So true. While the LEAVE IT is a foundation behaviour for most puppy classes, it is still something that people must he realistic and honest about.

By class 2 in my puppy classes, pups can have treats tossed around them with distraction and if practiced properly, they will leave them. I never teach a LEAVE IT with a TAKE IT either, except to offer a DIFFERENT reward than what's been left. I think that this method is what predicts success with things lying on the street on walks.

With any creature with an brain seperate from our own, there are variables that dictate compliance... Unsupervised and without a command being delivered...all bets are off for most dogs.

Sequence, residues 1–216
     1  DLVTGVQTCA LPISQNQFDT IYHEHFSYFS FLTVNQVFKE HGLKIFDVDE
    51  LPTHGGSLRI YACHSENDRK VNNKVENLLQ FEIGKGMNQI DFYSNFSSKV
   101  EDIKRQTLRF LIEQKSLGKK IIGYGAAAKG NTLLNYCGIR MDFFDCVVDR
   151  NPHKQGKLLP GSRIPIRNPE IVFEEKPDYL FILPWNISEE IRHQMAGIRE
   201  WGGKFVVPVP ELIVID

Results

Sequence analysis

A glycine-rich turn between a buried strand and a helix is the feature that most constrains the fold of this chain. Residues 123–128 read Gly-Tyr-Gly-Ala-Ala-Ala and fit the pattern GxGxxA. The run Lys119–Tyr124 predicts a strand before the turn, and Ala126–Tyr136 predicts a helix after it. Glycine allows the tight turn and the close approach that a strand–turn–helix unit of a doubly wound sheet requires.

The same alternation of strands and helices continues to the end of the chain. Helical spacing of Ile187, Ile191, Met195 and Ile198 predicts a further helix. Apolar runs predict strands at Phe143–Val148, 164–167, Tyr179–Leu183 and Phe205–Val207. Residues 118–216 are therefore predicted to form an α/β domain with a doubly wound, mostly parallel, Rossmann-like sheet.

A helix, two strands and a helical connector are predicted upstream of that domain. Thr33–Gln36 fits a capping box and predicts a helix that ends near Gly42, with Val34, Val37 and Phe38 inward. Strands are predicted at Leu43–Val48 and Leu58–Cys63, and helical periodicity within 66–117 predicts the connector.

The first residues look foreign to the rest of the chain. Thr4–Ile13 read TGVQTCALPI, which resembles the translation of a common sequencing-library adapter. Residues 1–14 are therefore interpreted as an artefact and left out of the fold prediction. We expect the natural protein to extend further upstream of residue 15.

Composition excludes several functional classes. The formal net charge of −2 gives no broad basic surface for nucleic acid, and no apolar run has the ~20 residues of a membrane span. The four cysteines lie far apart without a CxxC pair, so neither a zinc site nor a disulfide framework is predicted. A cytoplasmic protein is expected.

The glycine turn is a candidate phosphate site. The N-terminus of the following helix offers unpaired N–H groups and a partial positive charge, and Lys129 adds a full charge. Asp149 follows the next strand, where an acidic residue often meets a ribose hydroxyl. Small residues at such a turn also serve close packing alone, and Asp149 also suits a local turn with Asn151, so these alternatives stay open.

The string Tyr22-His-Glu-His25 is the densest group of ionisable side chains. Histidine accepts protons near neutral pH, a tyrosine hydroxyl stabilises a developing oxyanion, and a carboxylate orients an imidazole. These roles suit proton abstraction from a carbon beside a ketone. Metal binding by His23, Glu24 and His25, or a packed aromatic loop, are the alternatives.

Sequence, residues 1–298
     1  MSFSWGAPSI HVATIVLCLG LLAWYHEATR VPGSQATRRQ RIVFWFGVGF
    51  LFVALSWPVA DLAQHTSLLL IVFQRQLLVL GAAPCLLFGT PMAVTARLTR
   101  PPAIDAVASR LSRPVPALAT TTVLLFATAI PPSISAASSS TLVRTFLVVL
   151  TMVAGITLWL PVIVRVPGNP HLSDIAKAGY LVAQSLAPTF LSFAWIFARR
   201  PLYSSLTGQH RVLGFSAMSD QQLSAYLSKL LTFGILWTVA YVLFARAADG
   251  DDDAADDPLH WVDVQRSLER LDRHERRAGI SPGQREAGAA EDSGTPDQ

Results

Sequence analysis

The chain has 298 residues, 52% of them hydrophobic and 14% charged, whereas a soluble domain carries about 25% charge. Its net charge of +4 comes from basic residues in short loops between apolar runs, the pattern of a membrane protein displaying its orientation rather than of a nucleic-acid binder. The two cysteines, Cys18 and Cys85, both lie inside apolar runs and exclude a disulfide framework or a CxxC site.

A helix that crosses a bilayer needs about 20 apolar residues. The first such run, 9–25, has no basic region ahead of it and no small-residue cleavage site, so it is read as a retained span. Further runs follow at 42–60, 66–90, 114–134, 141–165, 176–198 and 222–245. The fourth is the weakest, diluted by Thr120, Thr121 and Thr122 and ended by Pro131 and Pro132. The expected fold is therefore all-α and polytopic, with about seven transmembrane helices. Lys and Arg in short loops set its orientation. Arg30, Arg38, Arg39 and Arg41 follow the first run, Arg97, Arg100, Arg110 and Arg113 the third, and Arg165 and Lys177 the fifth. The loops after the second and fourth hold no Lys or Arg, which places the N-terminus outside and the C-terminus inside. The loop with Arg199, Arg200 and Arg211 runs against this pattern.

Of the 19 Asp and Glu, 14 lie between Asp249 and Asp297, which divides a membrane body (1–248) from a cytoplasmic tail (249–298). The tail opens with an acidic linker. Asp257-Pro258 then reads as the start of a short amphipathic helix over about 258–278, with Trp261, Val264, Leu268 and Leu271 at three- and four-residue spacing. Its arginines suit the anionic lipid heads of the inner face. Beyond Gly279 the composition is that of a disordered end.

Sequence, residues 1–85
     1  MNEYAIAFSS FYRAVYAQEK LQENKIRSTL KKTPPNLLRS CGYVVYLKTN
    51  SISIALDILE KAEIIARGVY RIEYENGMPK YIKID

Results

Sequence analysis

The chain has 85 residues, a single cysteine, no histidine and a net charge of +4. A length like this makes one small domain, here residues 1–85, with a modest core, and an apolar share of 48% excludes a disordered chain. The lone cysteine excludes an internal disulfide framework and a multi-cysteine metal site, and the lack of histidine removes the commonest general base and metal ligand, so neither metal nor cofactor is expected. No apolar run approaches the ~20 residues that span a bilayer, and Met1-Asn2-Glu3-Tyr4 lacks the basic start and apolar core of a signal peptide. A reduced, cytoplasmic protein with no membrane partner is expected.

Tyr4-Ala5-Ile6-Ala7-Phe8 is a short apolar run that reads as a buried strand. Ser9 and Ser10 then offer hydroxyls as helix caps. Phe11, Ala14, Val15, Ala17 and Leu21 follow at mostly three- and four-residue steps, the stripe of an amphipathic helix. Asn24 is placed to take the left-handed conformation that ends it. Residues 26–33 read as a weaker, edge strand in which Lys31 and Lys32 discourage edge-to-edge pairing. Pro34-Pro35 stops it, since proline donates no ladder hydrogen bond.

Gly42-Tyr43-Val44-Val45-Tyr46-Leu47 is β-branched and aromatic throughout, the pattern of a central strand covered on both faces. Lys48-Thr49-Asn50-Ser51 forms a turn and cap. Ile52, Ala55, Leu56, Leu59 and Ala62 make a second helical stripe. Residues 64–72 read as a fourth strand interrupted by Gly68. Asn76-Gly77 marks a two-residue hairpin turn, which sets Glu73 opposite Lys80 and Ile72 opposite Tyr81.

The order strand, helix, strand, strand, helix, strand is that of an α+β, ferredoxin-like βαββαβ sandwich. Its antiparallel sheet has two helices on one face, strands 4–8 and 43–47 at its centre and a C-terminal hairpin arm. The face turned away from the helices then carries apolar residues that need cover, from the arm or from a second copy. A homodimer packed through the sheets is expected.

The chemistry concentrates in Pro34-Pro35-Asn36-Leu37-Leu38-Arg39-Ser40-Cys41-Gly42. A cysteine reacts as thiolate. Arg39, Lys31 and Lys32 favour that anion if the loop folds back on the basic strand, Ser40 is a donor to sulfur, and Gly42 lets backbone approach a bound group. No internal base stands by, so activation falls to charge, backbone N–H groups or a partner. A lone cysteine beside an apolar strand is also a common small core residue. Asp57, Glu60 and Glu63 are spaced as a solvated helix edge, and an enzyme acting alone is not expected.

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  #18  
Old 07-19-2008, 10:23 AM
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Quote:
Originally Posted by Kayla View Post
P.s- anyone fancy an online competition to see who can get their dog on video, leaving, on cue, a fully garnished hotdog sitting on a counter with you across the room and the dog offleash?
Kayla
I once heard of someone who had trained their dog to retrieve a hot dog - without eating any of it.
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  #19  
Old 07-19-2008, 10:29 AM
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Quote:
Originally Posted by corgipower View Post
I once heard of someone who had trained their dog to retrieve a hot dog - without eating any of it.
I don't believe a word of that! I demand a video!
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  #20  
Old 07-19-2008, 10:43 AM
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Dekka's (Kerri) jrt Dekka (lol) will do it.